Unlike a large part of Western youth, whose job and future prospects are not very promising due to successive economic crises, in China more and more young people have both money and a future: the first generation born after the end of Maoism represents 43% of the luxury brand market in China. Their successors, Generation Z (under 25), lag behind with 28%. According a McKinsey reportIn 2025, China will represent 65% of the global consumption of this type of goods. In 2009 its share was only 8%.

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In China, where for many consumers shopping on the Internet is a leisure activity in itself, the ritual culminates with bragging on social networks (of course, there are already studies on this “consumer anxiety”: the panic to be left behind). But Amazon has failed to make it profitable. The US company closed part of its operations in the country two years ago, where it has less than a 2% market share compared to 60% for AliBaba. “While the value of a company like Adidas is in what it represents, the lifestyle and the personality it symbolizes, companies like Amazon or Uber depend more on service and functionality, and for that the Chinese opt for local”, explains Lisa Deng, analyst of startups Chinese. That is to say, for the aesthetic they want Western products, but for the practical they prefer national companies.

Because Adidas and Nike garments do not count as sports attire, since there the cult of physical exercise is not a way of life as in the West, but as lifestyle clothing. They are the second and third most important fashion brands in the country only behind Burberry, whose image evokes the romantic idea that the Chinese have of the European aristocracy.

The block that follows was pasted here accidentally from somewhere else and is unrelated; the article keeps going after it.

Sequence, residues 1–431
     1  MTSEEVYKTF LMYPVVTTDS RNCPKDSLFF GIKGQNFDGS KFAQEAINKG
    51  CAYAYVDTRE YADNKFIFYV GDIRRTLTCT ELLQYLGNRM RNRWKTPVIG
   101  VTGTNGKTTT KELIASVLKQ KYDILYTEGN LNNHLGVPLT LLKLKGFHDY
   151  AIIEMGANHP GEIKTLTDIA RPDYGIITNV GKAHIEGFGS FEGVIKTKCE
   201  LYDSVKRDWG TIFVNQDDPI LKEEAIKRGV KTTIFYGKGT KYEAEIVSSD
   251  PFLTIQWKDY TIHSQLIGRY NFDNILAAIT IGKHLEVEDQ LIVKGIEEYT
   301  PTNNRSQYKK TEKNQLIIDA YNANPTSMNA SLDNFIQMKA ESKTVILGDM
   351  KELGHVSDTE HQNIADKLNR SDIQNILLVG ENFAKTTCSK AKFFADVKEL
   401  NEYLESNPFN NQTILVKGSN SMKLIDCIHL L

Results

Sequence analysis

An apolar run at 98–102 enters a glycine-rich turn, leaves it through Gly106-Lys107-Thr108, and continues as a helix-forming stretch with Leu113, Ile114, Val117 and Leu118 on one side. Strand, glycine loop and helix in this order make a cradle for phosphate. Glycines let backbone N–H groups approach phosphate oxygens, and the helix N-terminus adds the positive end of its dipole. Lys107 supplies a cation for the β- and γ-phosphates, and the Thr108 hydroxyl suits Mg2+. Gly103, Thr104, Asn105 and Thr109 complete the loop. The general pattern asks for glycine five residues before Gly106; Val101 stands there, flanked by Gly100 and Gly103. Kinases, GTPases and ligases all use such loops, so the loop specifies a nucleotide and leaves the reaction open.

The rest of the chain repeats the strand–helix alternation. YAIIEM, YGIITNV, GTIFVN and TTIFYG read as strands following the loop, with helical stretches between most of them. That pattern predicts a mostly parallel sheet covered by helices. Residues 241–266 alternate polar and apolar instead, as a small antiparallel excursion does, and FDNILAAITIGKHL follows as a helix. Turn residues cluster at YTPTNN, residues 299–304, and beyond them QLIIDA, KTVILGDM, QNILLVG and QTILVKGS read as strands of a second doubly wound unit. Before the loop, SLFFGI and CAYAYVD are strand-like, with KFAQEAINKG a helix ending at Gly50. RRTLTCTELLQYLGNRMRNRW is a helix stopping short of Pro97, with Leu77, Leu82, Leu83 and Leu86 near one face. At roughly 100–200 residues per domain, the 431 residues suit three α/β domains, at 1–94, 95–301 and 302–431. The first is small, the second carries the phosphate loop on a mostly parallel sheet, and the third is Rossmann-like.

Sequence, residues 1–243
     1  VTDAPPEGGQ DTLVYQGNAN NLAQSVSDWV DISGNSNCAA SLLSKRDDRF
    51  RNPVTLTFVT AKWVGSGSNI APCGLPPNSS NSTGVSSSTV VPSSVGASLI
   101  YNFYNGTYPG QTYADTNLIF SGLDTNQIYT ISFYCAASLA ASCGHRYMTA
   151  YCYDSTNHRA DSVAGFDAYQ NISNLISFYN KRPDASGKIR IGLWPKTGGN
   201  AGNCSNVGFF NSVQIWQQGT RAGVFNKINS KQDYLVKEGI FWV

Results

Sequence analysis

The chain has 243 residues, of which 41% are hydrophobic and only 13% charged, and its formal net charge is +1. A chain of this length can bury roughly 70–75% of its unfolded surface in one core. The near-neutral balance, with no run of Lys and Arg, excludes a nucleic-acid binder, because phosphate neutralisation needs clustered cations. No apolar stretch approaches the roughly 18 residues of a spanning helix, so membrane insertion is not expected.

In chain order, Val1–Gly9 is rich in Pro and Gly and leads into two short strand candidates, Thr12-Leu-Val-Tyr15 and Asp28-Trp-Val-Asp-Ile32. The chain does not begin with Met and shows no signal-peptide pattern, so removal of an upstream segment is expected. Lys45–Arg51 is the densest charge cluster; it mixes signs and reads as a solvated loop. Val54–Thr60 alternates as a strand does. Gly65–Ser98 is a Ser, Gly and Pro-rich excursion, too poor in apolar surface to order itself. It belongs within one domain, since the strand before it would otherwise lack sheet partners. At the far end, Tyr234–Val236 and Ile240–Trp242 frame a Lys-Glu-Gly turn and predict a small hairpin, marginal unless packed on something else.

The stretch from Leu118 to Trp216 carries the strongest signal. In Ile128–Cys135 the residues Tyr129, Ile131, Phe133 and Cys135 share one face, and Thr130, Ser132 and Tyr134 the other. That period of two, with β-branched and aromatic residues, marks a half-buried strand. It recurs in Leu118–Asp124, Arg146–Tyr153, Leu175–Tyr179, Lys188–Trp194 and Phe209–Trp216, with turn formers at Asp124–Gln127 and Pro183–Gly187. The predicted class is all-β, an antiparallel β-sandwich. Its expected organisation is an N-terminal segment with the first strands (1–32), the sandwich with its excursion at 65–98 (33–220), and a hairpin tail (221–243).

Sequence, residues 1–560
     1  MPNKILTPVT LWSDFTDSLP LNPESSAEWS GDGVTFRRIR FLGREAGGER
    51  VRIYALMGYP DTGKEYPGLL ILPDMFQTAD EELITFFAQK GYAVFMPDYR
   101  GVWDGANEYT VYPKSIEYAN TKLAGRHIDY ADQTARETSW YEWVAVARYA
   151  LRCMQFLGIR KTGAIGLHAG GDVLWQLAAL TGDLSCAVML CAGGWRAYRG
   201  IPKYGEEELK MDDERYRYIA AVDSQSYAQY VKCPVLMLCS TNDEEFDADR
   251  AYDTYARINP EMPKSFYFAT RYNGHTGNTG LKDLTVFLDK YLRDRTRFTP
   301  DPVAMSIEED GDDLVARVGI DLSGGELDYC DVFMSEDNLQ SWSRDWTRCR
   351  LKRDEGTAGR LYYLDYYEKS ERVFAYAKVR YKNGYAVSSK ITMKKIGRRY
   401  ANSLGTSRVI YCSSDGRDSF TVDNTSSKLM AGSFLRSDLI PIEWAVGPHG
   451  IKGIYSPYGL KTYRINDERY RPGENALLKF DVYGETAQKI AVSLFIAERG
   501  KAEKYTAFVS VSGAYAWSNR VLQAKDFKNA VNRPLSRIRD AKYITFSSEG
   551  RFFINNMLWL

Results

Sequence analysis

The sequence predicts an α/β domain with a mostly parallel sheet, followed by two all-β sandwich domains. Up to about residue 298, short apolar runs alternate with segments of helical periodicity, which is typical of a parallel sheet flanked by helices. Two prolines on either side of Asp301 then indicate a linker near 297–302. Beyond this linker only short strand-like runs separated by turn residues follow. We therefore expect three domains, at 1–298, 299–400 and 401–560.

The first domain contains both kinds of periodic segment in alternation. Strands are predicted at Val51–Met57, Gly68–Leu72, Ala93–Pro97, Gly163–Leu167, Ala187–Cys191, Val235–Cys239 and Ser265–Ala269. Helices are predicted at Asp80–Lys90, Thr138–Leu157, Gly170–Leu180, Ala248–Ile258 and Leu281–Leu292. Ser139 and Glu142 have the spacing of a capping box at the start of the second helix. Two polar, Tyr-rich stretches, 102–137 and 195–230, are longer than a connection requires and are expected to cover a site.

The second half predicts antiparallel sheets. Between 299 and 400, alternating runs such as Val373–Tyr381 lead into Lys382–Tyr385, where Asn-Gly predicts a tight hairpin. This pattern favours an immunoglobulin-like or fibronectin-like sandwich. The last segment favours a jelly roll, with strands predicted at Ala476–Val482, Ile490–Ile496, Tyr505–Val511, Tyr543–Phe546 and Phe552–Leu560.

The identity of a fashion firm is essential but, as in other cases, it is not enough. It is also important to know how to adapt: ​​Zara, the tenth fashion firm in the country, is one of the companies that has taken the greatest care in adapting its patterns and carvings to the anatomy of the Chinese. Louis Vuitton, Dior or Bottega Veneta offer the option of personalizing their garments and accessories by means of leather emblems with the client’s initials or their family crest, an artisan practice deeply rooted in China. For the consumer of that country it is important, even if they are buying foreign products, to keep in touch with their tradition.

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And in that tradition there seems to be no room for Mickey Mouse. Disney’s plan for world domination is systematically running into Chinese resistance. Just a decade ago, the government began allowing Hollywood premieres, and since then China has grown from 3,527 theaters to more than 75,000. Today it is the second largest market for world cinema. Reverse did not interest (too attached to Western sensibility), as they did not work Toy Story 4 The The rise of Skywalker, being unknown sagas for the Chinese public. Has failed at the box office until Mulán. But Disney has tried again with Raya and the last dragon. Here it has only been released on Disney + (and some cinemas), and in China it has had a theatrical release worthy of 2019, since its box office has practically recovered from the pandemic. And yet the result it has not been very spectacular. Has raised less money than Tom & Jerry last week and has fallen behind four local movies.

Big American companies are used to walking in without knocking on the door, but if they want to settle permanently in China they will need to learn manners first. It sure pays off: on the last day of the bachelor, on November 11, AliBaba had a turnover of 62,000 million euros, 85% more than in 2019. Unable to travel, the Chinese embarked on a phenomenon called “vengeful consumerism ”And resorted to the most effective method to defeat sadness: buying things.